Last night’s launch of Moonscapes: Isle of Harris was a great sucess and most enjoyable. There was a good mix of people, familiar faces and new – many interesting conversations.
Rose Strang, photo Maria Doherty
Atzi Muramatsu’s performance was magical as always. I will be posting the videos here soon. His response to Harris Moon 4 was suitably sombre and dramatic; it’s quite a dark, stormy and mysterious piece, but my favourite was probably the piece he played in response to a series of smaller works, it was evocative of being on Harris, driving along the winding coast roads watching the landscape unfold in shimmering light.
Atzi Muramatsu, photo Sarah Bader
The Edinburgh organisor of Pecha Kucha, Gordon Duffy, enjoyed the combination of music and paintings and has invited us to present our work at the next Pecha Kucha on the 27th of July, which will be a pleasure (all info on the ‘Pecha Kucha’ link above). I’ll post more about that in a few days.
I’ll be in the Whitespace gallery every day from 12 noon to 6:30pm until Thursday, so if you are in Edinburgh drop in for coffee and a chat! (map and directions etc Here)
Many thanks to Catherine Strang for hosting and sales, to Donald Ferguson for helping with set up (and for his excellent company on the trip to Harris earlier this year) and to Atzi for another excellent performance – this is our fifth year of collaboration and friendship and as Atzi said last night ‘it gets better and better’. Also thanks to Leigh Chorlton (artist and manager of Whitespace) for his friendly support, it’s a lovely space and a delight to show there!
‘Traigh Luskentir, Harris. 4’. Mixed media on 30×30″ wood panel.
Finishing touches today on the largest version of Traigh Luskentir, Harris, which concludes my paintings for the upcoming exhibition – Moonscapes: Isle of Harris
All paintings in the series can be viewed from the top of the gallery page – Here.One painting has already sold – you can buy a painting now if you like, it will be marked ‘sold’ at exhibition then when the show ends on 20th July I will post it to your address (any queries to firstname.lastname@example.org)
This is always the busiest time of year, and with a ten-day session of house decorating in addition to painting I’m pretty exhausted! All I have to do now is have all paintings professionally scanned (for limited editon prints), frame the aquatint Leaving Harris, hang the paintings on Friday and order wine/glasses for the preview.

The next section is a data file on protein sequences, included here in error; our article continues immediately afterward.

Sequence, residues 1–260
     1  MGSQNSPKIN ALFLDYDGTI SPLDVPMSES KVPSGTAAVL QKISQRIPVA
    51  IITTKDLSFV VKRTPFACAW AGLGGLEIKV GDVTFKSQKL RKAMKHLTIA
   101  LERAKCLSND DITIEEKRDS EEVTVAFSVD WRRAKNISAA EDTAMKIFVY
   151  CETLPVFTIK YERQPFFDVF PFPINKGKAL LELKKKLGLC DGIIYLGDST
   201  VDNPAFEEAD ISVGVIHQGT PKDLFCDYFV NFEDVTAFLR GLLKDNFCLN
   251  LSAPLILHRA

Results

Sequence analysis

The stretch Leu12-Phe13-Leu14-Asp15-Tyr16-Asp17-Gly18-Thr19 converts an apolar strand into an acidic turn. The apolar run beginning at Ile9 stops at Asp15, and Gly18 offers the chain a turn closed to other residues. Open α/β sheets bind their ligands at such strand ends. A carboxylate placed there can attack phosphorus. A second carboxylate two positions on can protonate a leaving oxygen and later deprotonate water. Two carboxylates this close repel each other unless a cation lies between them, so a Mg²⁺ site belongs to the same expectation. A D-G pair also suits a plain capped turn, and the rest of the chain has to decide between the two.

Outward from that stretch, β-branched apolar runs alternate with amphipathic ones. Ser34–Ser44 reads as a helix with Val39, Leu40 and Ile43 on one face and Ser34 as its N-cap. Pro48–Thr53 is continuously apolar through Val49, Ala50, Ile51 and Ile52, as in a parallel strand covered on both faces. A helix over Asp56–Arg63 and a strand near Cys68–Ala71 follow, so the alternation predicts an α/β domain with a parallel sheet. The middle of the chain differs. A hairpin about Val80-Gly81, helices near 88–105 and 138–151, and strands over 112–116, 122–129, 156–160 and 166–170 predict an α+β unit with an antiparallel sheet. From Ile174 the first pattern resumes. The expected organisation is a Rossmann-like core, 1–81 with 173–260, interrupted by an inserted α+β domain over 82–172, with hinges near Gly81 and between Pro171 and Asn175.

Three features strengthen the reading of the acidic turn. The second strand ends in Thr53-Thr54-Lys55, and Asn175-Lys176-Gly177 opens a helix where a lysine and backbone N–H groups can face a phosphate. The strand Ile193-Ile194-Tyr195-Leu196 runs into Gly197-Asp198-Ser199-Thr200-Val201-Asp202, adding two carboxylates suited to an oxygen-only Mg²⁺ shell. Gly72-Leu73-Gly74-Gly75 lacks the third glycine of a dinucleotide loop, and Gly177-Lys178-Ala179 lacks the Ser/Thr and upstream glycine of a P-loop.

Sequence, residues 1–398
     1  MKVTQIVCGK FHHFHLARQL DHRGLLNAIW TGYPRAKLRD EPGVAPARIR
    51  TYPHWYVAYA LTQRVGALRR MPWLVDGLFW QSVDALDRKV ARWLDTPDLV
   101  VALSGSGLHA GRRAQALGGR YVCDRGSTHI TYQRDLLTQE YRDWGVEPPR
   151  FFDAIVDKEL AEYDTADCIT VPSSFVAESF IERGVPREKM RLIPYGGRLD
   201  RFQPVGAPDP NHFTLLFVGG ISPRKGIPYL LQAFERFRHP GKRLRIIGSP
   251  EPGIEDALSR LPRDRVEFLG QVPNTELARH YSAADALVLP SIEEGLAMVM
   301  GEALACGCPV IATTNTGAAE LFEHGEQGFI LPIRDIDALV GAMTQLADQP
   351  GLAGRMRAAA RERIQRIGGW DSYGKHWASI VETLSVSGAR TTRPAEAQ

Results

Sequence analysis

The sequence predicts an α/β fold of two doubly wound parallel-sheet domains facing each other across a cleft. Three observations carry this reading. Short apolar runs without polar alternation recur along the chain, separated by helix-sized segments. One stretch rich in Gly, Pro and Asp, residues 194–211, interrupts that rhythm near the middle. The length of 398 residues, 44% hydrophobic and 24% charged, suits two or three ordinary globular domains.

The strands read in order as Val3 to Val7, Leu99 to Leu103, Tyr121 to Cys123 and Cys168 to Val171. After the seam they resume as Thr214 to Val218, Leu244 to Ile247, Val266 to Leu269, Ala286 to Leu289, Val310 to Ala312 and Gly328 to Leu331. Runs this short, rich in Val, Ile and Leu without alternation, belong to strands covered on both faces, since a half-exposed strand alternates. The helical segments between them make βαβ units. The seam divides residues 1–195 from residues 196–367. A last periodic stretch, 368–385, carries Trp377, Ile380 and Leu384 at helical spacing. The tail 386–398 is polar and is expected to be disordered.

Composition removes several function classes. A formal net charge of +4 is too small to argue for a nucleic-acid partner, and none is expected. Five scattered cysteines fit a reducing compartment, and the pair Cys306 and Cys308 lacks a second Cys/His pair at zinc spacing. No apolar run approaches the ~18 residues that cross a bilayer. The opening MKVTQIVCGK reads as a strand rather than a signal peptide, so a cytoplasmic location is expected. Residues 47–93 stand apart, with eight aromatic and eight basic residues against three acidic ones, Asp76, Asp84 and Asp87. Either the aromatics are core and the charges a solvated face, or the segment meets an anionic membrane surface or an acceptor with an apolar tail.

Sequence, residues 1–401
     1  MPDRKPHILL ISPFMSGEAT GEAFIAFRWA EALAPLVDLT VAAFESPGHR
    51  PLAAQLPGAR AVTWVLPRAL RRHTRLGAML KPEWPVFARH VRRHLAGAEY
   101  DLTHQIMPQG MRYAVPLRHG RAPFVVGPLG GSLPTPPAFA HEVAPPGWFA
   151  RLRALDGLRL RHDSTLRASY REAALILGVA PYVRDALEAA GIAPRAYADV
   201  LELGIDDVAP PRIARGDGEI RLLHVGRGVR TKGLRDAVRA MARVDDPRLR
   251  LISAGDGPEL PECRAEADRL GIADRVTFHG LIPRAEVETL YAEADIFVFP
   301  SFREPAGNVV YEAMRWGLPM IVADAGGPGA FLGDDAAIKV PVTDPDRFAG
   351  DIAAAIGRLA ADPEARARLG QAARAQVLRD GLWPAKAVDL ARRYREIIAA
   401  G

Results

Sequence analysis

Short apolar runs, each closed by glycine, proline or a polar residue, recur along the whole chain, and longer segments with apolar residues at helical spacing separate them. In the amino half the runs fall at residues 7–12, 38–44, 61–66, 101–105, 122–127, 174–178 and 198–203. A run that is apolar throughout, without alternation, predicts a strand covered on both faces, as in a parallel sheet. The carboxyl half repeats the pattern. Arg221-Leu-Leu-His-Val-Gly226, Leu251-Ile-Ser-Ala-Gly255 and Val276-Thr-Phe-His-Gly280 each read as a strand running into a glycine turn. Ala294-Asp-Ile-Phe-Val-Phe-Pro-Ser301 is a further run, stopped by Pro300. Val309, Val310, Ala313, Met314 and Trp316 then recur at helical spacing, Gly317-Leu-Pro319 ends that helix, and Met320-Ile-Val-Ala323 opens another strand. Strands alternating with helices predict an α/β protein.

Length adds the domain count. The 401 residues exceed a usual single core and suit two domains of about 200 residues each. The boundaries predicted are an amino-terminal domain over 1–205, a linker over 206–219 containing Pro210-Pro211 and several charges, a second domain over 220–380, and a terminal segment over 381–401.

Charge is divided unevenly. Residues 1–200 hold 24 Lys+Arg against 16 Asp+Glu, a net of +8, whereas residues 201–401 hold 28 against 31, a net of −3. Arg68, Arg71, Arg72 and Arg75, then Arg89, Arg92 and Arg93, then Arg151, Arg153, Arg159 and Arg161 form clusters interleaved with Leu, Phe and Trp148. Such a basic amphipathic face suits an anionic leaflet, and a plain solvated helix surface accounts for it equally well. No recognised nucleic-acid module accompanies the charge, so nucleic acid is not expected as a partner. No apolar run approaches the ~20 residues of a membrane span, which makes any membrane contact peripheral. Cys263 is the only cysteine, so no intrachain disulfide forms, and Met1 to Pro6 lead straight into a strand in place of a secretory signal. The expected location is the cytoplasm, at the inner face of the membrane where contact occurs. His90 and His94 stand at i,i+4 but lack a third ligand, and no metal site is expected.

As always, I’ll make a live recording of Atzi Muramatsu’s cello performance to post here along with photos of the paintings in the gallery and the launch night.
Hope to see you on Friday 14th, 7pm (all info on Moonscapes link above)…
In between painting for the July exhibition (link – Moonscape: Isle of Harris ) I’ve been decorating my new flat. What’s most exciting for me is that it can be used as a open studio space from time-to-time (I’ll probably paint and show a series of snowscapes this December).
The flat (in a traditional Victorian Edinburgh tenement) had previously been a flat for rent, so it was magnolia and beige-ified throughout, and has about six phone lines thanks to tenants getting new phone services installed each time they move in!
I’m on a tight budget, so most of this has been achieved through a bit of hard graft (including that of family and friends!) but also it’s amazing how a room can be transformed by floor sanding. (in this case Victorian Floor Restore who did an excellent job of repairing and sanding the floorboards which were a horrific mess with loose boards, ingrained dirt and ancient underlay). Also messed up walls with layers of tenacious woodchip wallpaper which had to steamed and scraped off (about halfway through I was losing the will to live and was thankfully helped out by my ever cheerful and stalwart friend Donald Ferguson!). Also there were millions of holes that had to be polyfilla-ed (the Beatles ‘A Day in the Life’ was playing in my head throughout – Four thousand holes in Blackburn, Lancashire, and though the holes were rather small, they had to count them all. Now they know how many holes it takes to fill the Albert Hall…
Anyway, here’s the before and after, showing just the room I’ll use for a gallery. (For the decor obsessives among you – the wall colour is Dulux Egyptian Cotton – cheapie alternative to Farrow and Ball’s Elephant’s Breath, the floor – Dulux satin black floor paint. At some point I’ll sort out an open fire as it’s there behind the mantle piece)…